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Pando, the world’s largest organism is slowly being eaten by deer

What looks like 47,000 separate trees spread out over 106 acres in Utah are actually all offshoots from a single, massive Aspen tree root. It’s known as Pando and it is believed to be the largest living organism on Earth. Source - Screen grab from PBS News Hour video.
What looks like 47,000 separate trees spread out over 106 acres in Utah are actually all offshoots from a single, massive Aspen tree root. It’s known as Pando and it is believed to be the largest living organism on Earth. Source - Screen grab from PBS News Hour video.

It looks for all the world like a giant grove of trees above a spring-fed lake – with striking white bark and small leaves that flutter in the slightest breeze. But your eyes are deceiving you.

The 43.6 hectares (108 acres) stand of aspens in Utah known as Pando (Latin for “I spread”), is actually a single organism; a clonal colony of an individual male quaking aspen.

Pando actually has 47,000 genetically identical stems that arise from an interconnected root network. This single genetic individual weighs around 6,000 tons. By mass, it is the largest single organism on Earth.

The plant is located in the Fremont River Ranger District of the Fishlake National Forest at the western edge of the Colorado Plateau in south-central Utah, about a mile southwest of Fish Lake.

While the size of this living organism is impressive and awe-inspiring all by itself, the root system is estimated to be several thousand years old with habitat modeling suggesting a maximum age of 14,000 years.

Fall photo of world’s oldest organism, a grove of Populus tremuloides (Quaking Aspen) sharing one root system. Source – USDA/J Zapell, Public Domain

Pando is in danger of disappearing 

In an essay in the Conversation, Richard Elton Walton of Newcastle University writes that all is not well at the Pando site for a number of reasons.

Pando’s long-term survival is uncertain due to drought, human development, grazing, and fire suppression. In collaboration with the U.S. Forest Service, the Western Aspen Alliance is studying the tree in an effort to save it.

One major problem is the Pando’s lack of adequate protection from grazing animals – primarily deer and elk – that prevents young shoots from developing enough to replace existing older stems as they die off.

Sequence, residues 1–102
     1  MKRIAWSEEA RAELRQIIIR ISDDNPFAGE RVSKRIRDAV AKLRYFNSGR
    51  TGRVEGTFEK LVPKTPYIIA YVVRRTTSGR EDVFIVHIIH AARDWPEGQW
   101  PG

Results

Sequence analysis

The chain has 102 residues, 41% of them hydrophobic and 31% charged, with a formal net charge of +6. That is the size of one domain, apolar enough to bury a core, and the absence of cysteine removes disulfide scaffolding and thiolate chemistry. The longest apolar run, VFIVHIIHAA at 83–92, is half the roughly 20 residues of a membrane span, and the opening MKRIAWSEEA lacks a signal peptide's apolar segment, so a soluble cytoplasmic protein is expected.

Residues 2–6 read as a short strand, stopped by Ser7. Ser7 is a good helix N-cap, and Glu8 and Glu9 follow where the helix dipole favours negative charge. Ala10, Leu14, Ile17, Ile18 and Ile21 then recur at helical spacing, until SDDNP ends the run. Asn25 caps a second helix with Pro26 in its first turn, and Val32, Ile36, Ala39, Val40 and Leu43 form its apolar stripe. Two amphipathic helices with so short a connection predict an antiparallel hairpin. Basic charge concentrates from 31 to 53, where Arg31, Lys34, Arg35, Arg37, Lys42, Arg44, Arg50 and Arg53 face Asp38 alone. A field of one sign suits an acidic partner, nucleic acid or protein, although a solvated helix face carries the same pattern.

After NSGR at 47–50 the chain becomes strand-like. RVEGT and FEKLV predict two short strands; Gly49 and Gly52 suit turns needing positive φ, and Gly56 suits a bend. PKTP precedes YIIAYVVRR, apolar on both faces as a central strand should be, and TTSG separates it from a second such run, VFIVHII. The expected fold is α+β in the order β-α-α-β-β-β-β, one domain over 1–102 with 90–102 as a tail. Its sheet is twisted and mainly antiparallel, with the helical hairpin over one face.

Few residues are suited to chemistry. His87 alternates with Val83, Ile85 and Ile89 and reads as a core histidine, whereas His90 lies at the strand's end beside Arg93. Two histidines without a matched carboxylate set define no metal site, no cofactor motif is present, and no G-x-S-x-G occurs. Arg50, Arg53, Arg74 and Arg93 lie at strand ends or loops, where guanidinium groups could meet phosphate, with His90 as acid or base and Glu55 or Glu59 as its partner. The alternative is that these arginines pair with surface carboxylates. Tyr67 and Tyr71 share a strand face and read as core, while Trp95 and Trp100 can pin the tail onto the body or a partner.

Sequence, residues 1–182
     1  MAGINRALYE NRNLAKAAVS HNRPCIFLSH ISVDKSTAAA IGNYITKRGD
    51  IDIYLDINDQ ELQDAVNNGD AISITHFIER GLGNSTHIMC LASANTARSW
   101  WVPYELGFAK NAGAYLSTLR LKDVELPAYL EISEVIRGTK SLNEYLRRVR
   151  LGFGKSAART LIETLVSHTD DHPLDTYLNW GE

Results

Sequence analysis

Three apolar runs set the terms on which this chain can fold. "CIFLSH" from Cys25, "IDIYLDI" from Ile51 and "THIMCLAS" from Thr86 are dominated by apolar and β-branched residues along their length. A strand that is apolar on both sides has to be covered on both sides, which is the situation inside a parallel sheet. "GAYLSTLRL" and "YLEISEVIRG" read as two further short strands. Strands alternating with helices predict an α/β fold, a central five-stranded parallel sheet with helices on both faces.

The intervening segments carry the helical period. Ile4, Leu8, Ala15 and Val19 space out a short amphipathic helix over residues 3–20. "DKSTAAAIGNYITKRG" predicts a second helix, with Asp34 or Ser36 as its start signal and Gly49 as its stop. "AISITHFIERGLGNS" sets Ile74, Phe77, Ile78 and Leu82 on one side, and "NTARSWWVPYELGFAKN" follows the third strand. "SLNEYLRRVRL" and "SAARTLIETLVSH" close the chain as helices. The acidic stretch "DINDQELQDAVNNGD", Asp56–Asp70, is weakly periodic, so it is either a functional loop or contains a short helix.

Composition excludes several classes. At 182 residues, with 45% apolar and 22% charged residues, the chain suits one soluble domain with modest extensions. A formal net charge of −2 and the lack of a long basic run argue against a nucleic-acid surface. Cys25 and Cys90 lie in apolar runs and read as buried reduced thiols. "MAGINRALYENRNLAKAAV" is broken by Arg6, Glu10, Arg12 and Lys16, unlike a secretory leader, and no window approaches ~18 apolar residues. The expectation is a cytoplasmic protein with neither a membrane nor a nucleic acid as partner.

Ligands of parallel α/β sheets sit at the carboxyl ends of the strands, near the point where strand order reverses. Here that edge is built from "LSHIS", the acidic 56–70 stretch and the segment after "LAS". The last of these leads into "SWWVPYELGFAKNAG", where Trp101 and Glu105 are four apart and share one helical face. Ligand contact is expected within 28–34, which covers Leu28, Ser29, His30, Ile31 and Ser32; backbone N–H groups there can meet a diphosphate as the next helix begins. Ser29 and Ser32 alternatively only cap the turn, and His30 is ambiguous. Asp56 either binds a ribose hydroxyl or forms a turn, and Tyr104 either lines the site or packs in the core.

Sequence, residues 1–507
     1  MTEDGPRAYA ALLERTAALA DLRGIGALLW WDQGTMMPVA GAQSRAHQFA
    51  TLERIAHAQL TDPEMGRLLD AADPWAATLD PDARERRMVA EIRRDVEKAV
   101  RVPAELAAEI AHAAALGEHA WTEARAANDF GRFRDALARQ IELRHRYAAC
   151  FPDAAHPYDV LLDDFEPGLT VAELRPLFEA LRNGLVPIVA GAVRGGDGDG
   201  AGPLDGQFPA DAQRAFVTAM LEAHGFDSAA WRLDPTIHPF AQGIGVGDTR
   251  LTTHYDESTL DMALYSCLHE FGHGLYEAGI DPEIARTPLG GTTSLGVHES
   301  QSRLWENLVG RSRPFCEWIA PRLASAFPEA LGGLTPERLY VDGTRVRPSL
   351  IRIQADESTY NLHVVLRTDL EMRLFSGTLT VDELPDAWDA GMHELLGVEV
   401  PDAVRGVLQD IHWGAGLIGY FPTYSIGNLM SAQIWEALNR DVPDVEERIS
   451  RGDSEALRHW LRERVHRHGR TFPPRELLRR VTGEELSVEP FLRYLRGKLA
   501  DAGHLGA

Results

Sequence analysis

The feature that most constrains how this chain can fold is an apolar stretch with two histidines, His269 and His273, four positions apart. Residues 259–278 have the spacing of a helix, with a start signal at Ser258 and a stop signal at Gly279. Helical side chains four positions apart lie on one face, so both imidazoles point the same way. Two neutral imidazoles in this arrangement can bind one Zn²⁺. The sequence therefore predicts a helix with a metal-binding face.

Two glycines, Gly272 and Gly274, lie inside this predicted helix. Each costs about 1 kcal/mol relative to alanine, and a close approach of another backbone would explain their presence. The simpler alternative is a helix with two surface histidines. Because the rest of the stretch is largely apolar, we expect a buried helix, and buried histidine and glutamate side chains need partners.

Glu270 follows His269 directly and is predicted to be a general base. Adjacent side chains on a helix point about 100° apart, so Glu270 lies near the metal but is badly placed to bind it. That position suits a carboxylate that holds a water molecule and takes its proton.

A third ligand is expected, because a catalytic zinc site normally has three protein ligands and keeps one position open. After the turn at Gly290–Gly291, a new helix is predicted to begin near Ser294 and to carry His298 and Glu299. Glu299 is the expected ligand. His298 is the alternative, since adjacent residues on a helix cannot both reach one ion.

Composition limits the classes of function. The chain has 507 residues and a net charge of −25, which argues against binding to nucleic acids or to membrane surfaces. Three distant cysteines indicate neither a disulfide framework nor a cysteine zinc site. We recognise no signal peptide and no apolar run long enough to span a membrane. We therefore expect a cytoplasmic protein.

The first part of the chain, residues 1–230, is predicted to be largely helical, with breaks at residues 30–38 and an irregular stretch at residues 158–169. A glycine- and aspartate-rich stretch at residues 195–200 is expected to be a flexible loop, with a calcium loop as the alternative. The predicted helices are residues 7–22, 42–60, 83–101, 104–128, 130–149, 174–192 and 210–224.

Wolves and cougars once kept their numbers in check, but since the 1980s, herds are now much larger because of the loss of these predators. And, because Pando is a protected area, deer and elk tend to congregate because hunting is not allowed.

A detailed image of the Pando tree shows the characteristic eyes of the tree and leaves changing in later summer. Source – Lance Oditt, Friends of Pando, CC SA 4.0.

Diseases and Climate Change

Besides the constant grazing having an adverse effect, there are three diseases – sooty bark canker, leaf spot, and conk fungal disease to worry over.

While plant diseases have developed and thrived in aspen stands for millennia, it is unknown what the long-term effect on the ecosystem may be, given that there is a lack of new growth and an ever-growing list of other pressures on the organism.

Climate change is now beginning to impact the giant plant. Since arising after the last Ice Age, Pando has thrived in a relatively stable climate. But climate change threatens the size and lifespan of the tree, as well as the whole ecosystem it hosts.

For example, there are reduced water supplies, and warmer weather starting earlier in the year. This makes it harder for trees to form new leaves, leading to a decline in coverage.

And as temperatures continue to rise, and water resources continue to dwindle, Pando will certainly struggle to adjust to these fast-changing conditions while maintaining its size.

Written By

Karen Graham is Digital Journal's Editor-at-Large for environmental news. Karen's view of what is happening in our world is colored by her love of history and how the past influences events taking place today. Her belief in man's part in the care of the planet and our environment has led her to focus on the need for action in dealing with climate change. It was said by Geoffrey C. Ward, "Journalism is merely history's first draft." Everyone who writes about what is happening today is indeed, writing a small part of our history.

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